Greece was shocked on Tuesday by yet another brutal femicide of a wife by her husband — this time in the city of Larissa in central Greece.
The murder took place on Tuesday morning at 10:30 AM local time in the village of Sotiritsa in Larissa.
According to the local website Onlarissa, a 54-year old man shot his wife multiple times. She was a mother of three. The woman was at her place of work, a restaurant owned by her brother near Larissa, at the time.
Reportedly, the cold-blooded murder took place in front of two other employees of the restaurant.
Her husband has been already arrested, but the motives of the crime are still to be determined.
Seven women murdered by their husbands in seven months in Greece
Seven women have been murdered by their husbands or boyfriends in a period of just seven months, in a series of crimes that continue to shock the country.
These brutal, disturbing crimes, which many argue should be called femicides, as they share common characteristics of violence against women, have highlighted the issue of domestic violence and abuse in the country.
The latest murder before the Larissa crime had taken place in the neighborhood of Dafni in Athens on Friday.
On the afternoon of July 30, a 40-year-old man willingly appeared at a police station in Athens to confess to the murder of his 31-year-old wife.
The police then entered the home, where they found the victim’s body. When asked why he committed the crime, the murderer simply stated that he was jealous.
Many Greek media have been reporting that jealousy was also the main motive of the Larissa crime; however, there is no official statement by the Greek police as of yet.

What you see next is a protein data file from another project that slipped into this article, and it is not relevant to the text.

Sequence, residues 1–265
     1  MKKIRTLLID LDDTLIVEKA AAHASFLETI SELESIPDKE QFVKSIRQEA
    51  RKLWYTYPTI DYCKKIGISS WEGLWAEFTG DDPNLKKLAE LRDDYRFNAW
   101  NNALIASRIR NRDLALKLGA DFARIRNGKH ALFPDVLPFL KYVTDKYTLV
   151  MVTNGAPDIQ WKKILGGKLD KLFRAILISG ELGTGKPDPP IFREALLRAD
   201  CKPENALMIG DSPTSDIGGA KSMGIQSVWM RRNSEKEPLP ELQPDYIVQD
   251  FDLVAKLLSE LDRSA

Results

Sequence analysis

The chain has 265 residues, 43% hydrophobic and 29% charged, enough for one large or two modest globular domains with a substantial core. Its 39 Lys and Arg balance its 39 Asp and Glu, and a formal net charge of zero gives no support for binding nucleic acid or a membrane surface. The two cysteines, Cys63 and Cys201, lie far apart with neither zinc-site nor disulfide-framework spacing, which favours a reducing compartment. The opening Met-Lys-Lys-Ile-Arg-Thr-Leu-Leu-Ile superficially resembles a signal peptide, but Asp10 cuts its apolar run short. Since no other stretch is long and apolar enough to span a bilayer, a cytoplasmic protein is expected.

Despite his attempts to appear like a good family man toward the outside world, friends of the Dafni victim claimed that she had revealed that she was being abused by her husband before the murder.
Murder of Caroline Crouch shocked Greece
The issue of abuse came to the forefront of Greek society when 20-year-old Caroline Crouch was murdered next to her newborn baby by her 33-year-old husband Babis Anagnostopoulos in the Athenian suburb of Glyka Nera.
The murder shocked the public both in Greece and in Britain since the victim was a British national.
Violent crime is relatively rare in Greece, and killings of this type are not common. As time went on, and details emerged, the case became even more disturbing.
Anagnostopoulos, a helicopter pilot, confessed to killing his wife and staging the scene, which included killing the family dog and disabling security cameras, to make it seem as though strangers entered the home and murdered his young wife.
He blamed the crime on foreigners, stating that the intruders were speaking broken Greek and could have been Albanian, an ethnic group that is often the victim of discrimination in Greece.
After two months of professing his innocence and blaming a mysterious group of foreigners, Anagnostopoulos was arrested and confessed to the crime.
Additionally, questions of racism and discrimination emerged in Greece after many felt that Anagnostopoulos’ accusation that the intruders were foreigners was too easily believed.
At this time, feminists and victim’s rights advocates in Greece pushed the public to face this crime as femicide, or the murder of a woman because of her sex. They argued that Crouch’s womanhood enabled her murderer to see her as his possession, a possession he felt he could get rid of when it was convenient for him.
While the murder of the young mother at the hands of her husband was the crime that set off the discussion surrounding murdered women in Greece, it was not the first femicide in the country in the past seven months.